FYI December 21, 2018

On This Day

 
 
1913 – Arthur Wynne’s “word-cross”, the first crossword puzzle, is published in the New York World.
Arthur Wynne (June 22, 1871 – January 14, 1945) was the British-born inventor of the modern crossword puzzle.

Early life
Arthur Wynne was born on June 22, 1871, in Liverpool, England and lived on Edge Lane for a time. His father was the editor of the local newspaper the Liverpool Mercury.[1] He emigrated to the United States on June 6, 1891, at the age of 19,[2] settling for a time in Pittsburgh, Pennsylvania.[dead link][3]

Career
While in Pittsburgh, Wynne worked on the Pittsburgh Press newspaper.[3] and played the violin in the Pittsburgh Symphony Orchestra.[4] He later moved to New York City and worked on the New York World newspaper. He is best known for the invention of the crossword puzzle in 1913, when he was a resident of Cedar Grove, New Jersey.[5]

Wynne created the page of puzzles for the “Fun” section of the Sunday edition of the New York World. For the December 21, 1913, edition, he introduced a puzzle with a diamond shape and a hollow center, the letters F-U-N already being filled in. He called it a “Word-Cross Puzzle.”[6]

Although Wynne’s invention was based on earlier puzzle forms, such as the word diamond, he introduced a number of innovations (e.g. the use of horizontal and vertical lines to create boxes for solvers to enter letters). He subsequently pioneered the use of black squares in a symmetrical arrangement to separate words in rows and columns. With the exception of the numbering scheme, the form of Wynne’s “Word-Cross” puzzles is that used for modern crosswords.[6]

A few weeks after the first “Word-Cross” appeared, the name of the puzzle was changed to “Cross-Word” as a result of a typesetting error.[5] Wynne’s puzzles have been known as “crosswords” ever since.

Later life and death
Arthur Wynne became a naturalized US citizen in the 1920s.[7] He died in Clearwater, Florida, on January 14, 1945.[4]

Legacy
On December 20, 2013, he was honored with an interactive Google Doodle commemorating the “100th anniversary of the first crossword puzzle”[8][9][10] with a puzzle by Merl Reagle. Numerous other constructors also created tribute puzzles to Wynne to commemorate the anniversary.

Recreation of Arthur Wynne’s crossword puzzle from December 21, 1913

 
 

Born On This Day

 
 
1866 – Maud Gonne, Irish nationalist and political activist (d. 1953)
Maud Gonne MacBride (Irish: Maud Nic Ghoinn Bean Mac Giolla Bhríghde, 21 December 1866 – 27 April 1953) was an English-born Irish revolutionary, suffragette and actress. Of Anglo-Irish descent, she was won over to Irish nationalism by the plight of evicted people in the Land Wars. She also actively agitated for Home Rule.

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FYI

 
 
By Laura Bullard: Who Gets to Decide Who I Am? On Native Identity, Tribal Enrollment, and Federal Recognition
 
 
 
 
By David Tracy: How One Man Turned His Fiat 500 Abarth Into an Offroader That Nearly Killed Him
Vehicle suspension are complex, and while I like that Parfrey decided to go for it, and I appreciate that he eventually realized it was too dangerous to keep driving, his tale is a cautionary one for folks looking to throw a quick-and-dirty lift onto their vehicles.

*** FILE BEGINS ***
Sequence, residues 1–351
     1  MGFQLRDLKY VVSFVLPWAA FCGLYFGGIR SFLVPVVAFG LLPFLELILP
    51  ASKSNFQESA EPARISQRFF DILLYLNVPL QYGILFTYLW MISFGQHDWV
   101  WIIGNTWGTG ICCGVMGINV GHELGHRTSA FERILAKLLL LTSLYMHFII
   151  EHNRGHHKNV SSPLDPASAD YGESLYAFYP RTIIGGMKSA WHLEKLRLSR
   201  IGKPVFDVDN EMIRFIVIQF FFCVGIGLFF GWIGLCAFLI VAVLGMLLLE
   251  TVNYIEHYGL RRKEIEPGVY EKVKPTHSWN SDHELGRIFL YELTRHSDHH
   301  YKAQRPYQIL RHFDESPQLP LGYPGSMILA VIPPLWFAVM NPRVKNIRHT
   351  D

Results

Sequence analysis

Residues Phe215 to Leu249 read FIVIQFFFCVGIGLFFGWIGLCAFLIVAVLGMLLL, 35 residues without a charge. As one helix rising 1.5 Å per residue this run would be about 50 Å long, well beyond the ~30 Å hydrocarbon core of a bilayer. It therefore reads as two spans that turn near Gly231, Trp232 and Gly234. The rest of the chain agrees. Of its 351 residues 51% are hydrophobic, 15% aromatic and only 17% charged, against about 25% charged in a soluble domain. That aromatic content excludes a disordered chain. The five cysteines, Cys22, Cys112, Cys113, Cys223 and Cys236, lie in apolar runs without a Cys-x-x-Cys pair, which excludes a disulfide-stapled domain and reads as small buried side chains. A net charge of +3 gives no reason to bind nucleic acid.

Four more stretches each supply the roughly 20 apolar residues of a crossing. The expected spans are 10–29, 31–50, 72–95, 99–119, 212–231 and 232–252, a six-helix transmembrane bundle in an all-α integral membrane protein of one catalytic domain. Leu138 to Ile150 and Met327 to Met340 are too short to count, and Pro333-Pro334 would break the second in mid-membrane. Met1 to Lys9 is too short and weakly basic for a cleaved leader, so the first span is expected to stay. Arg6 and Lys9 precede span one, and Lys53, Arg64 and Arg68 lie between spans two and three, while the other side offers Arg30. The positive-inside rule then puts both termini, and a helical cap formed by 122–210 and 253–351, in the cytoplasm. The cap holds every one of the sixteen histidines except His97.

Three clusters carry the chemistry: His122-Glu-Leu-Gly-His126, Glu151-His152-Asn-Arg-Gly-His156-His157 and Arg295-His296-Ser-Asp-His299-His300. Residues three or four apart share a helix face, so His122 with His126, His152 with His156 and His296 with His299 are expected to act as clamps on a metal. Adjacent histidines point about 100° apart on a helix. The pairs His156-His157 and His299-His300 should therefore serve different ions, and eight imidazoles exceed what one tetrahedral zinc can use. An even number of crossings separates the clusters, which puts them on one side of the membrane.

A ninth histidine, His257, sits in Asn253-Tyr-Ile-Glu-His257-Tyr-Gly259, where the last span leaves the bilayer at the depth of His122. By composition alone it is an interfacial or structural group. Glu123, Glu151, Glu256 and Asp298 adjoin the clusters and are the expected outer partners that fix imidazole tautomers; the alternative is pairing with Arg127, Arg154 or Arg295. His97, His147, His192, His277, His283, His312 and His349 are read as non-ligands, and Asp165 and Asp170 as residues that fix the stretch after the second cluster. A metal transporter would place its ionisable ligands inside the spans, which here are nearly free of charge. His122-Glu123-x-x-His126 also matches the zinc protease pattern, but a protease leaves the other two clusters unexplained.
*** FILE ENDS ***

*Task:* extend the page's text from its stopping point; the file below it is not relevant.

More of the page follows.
If you’re going to modify your suspension, you’ve got to understand how it will change your car’s behavior. Because this kind of stuff could get you killed.
 
 
 
 
By Jason Torchinsky: Brand-New Volkswagen Arrives at Dealer and Drops an F-Bomb to America
 
 
 
 
By George Dvorsky: Tropical Lizard With Built-in Scuba Gear Can Stay Submerged for 16 Minutes
 
 
 
 
By Nick Douglas: Amazon Prime’s Promise of Two-Day Delivery Is Dying
 
 
 
 
By Richard Hollingham: The Nasa mission that broadcast to a billion people
 
 
 
 
By Heather Chapman: Microsoft report says rural-urban broadband gap much larger than FCC reports
A big part of the problem is that the FCC allows internet service providers to simply tell the FCC which areas they cover, and ISPs have an incentive to exaggerate their coverage areas. The FCC is investigating whether some ISPs lied about covering rural areas to access government funds for rural providers.
 
 
 
 
By Bill Chappell: Pope Francis Tells Abusive Priests And Bishops To Turn Themselves In
Pope Francis is urging predator priests who have raped or molested children to turn themselves in “to human justice, and prepare for divine justice,” devoting part of his Christmas message to the abuse scandals that he said have undermined the Catholic Church in 2018.

As cardinals and other church luminaries listened in the Vatican’s ornate Clementine Hall on Friday, Francis also compared priests who break their vows to Judas Iscariot, the disciple who betrayed Jesus Christ.
 
 
 
 
Open Culture: Researchers Recreate the Sounds Worshippers Heard in the Mosque of Cordoba Over 1,200 Years Ago The Moonlight Sonata But the Bass Is a Bar Late, and the Melody Is a Bar Early Discover Isotype, the 1920s Attempt to Create a Universal Language with Stylish Icons & Graphic Design and more ->
 
 
 
 
Maria Popova’s Brain Pickings – ANNUAL SPECIAL: The Best Books of 2018
 
 
 
 

Ideas

 
 
Seismic activity toleration factor?
By Hometalk Highlights: 25 Incredibly Unique Shelving Ideas
 
 
Amanda C, Hometalk Team Hometalker Brooklyn, NY: Flock a Christmas Tree the Child / Pet Safe Way
 
 


 
 

 
 

Recipes

 
 


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